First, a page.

“The way this game is gonna work is, at the end of the night, we have no voices from singing too much.”
A smile plastered on his 24-year-old face, copper-haired Brit Ed Sheeran was offering a sold-out Verizon Theatre some helpful suggestions Thursday, but they had the whole losing-their-minds thing well in hand.
The second stop on the current leg of his mammoth world tour supporting his latest studio album, X (he’s already scheduled for a return trip to Frisco Sept. 5 at Toyota Stadium), Sheeran’s roughly two-hour set was equal parts fascinating, mystifying and impressive.
Armed with nothing more than an acoustic guitar and a Loop Station pedal, the singer-songwriter held sway with an ease more often glimpsed in veteran rock stars.
In the space of just two albums and four years, Sheeran has leveraged social media savvy, some high profile friendships and his aw-shucks charm into the 21st century version of pop superstardom — the overwhelmingly female contingent of fans often seemed torn between snapping selfies with him in the background, or belting his lyrics back at him (most just chose to do both simultaneously).
It would be easy to dismiss Sheeran as nothing more than a lightweight flavor of the moment, albeit one able to play both theaters and arenas on the same tour.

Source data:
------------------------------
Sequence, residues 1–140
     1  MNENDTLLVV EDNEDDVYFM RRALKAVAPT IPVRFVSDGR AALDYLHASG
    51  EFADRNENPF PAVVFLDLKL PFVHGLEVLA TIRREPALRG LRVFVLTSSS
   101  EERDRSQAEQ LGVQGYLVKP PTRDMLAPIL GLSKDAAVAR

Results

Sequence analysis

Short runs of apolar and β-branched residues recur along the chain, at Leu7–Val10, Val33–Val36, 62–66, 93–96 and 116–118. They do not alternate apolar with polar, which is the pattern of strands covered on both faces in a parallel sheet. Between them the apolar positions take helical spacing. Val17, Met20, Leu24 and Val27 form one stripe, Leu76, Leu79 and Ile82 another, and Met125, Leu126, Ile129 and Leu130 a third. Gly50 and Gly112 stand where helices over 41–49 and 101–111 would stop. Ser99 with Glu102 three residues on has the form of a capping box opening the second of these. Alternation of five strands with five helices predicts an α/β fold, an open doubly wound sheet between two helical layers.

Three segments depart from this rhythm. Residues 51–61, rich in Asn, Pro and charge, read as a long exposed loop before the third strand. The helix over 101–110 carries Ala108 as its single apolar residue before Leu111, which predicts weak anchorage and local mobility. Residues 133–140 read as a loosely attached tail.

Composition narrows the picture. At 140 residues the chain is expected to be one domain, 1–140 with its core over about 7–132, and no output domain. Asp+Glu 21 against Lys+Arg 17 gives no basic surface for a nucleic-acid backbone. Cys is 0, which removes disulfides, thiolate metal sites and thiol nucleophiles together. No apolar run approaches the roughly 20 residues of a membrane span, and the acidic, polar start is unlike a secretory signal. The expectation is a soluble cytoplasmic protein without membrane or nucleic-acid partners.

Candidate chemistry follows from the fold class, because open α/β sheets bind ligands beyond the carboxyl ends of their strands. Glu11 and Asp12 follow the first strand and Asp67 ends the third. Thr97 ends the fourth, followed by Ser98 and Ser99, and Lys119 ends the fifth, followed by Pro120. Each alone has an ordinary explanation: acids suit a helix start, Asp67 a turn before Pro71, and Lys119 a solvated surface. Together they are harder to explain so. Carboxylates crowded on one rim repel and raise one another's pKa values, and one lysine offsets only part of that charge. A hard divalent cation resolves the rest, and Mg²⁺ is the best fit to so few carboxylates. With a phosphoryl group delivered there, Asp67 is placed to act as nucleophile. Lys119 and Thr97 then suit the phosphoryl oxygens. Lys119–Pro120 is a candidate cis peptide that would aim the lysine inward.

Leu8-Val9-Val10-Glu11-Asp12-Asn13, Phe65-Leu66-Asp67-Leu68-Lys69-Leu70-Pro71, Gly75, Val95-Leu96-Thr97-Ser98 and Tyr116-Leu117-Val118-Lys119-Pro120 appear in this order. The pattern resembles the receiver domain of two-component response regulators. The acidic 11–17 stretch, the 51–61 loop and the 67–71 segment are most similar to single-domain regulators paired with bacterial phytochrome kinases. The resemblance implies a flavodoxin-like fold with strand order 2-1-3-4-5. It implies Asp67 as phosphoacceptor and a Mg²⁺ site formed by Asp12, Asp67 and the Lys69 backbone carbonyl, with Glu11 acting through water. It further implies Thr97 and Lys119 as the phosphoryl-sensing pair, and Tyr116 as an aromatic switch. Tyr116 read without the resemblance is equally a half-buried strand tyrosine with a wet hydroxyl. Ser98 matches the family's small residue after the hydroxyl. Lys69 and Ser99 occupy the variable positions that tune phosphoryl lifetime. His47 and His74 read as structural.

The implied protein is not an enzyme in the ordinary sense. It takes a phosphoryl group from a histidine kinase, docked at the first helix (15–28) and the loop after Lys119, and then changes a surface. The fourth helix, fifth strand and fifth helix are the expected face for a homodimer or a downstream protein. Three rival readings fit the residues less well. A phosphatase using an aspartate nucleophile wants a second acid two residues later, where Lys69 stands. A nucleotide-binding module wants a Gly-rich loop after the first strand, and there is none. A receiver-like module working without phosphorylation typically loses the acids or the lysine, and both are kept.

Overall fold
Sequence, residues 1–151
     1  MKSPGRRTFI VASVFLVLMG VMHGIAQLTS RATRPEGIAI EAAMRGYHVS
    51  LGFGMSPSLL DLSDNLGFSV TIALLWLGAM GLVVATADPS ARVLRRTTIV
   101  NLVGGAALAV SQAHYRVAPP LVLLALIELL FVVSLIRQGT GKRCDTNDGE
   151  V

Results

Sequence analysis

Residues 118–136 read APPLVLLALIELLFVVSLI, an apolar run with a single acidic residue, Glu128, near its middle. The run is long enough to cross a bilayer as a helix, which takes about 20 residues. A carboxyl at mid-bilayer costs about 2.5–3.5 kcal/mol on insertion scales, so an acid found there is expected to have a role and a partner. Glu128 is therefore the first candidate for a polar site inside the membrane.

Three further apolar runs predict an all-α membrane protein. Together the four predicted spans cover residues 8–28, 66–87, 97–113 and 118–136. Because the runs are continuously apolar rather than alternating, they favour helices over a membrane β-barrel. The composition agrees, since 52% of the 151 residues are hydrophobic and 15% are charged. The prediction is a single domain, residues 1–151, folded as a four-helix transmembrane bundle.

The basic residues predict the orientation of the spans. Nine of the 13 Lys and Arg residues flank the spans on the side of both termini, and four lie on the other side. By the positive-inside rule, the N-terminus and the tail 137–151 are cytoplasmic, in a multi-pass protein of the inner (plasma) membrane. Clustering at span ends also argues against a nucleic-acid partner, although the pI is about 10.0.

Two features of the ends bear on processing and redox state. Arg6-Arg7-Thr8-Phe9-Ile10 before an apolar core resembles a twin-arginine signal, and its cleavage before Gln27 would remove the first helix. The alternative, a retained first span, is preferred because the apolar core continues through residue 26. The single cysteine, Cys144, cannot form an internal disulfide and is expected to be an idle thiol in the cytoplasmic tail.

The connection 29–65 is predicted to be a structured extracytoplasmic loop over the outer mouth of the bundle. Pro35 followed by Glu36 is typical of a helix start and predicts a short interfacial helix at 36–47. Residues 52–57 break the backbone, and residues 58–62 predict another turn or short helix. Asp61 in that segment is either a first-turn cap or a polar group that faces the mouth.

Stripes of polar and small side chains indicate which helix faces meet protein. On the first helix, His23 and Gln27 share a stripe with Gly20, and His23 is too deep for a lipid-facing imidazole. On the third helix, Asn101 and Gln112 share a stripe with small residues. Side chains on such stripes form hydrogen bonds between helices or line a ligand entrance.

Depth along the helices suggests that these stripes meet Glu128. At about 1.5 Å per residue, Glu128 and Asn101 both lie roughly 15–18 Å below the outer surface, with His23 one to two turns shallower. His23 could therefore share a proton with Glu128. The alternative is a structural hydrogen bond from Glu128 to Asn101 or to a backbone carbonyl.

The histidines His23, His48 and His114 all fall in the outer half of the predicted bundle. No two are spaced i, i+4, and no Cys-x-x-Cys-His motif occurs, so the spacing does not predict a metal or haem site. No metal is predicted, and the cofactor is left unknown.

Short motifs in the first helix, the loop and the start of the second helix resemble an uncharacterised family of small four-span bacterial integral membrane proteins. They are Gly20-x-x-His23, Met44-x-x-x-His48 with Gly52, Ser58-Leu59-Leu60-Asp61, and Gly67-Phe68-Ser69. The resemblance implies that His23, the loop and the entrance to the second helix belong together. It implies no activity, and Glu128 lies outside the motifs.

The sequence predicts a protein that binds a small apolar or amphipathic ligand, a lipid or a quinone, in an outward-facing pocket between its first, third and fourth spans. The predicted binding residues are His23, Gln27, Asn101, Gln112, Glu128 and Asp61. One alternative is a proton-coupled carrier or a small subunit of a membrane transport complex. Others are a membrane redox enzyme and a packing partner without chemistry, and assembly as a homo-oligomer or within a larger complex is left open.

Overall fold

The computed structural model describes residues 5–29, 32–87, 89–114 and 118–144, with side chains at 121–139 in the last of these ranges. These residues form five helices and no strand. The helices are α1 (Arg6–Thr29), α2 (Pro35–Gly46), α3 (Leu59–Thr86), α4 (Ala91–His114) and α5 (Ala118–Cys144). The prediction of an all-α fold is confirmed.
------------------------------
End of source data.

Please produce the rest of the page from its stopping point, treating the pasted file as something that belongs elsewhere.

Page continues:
But watching him build his rhythmic foundations — popping the wood of his acoustic guitar; a quick flick of fingers across strings; a few ghostly harmonies — is to understand how he bridges a gap between hip-hop and pop, collapsing autobiography and influence, and fitting in with a generation less concerned with genre boundaries and more fixated on the feeling.
And oh boy, does Sheeran offer up pathos.
Whether it’s his current smash hit, Thinking Out Loud, or Bloodstream, or I’m a Mess, or Don’t, the singer-songwriter has a way of framing love that’s all-consuming. (And given the lyrics of songs like the gorgeous Tenerife Sea — “You look so wonderful in your dress/I love your hair like that” — it’s fair to say Sheeran is probably an aspirational figure of lust for more than a few young ladies screaming in his direction.)
Alone, on a stage adorned only with video screens, busily splattered with visuals from start to finish, Sheeran’s affable confidence — he relayed a story about first coming to America, and being confronted with a skeptical program director at a radio station visit: “Why do we need you?” the man asked — illuminates what is tough to discern from simply hearing his songs in heavy rotation.
Ed Sheeran’s charisma may not be immediately apparent, but spend a couple hours amid his vociferous fans, and its effect is undeniable.
Preston Jones, 817-390-7713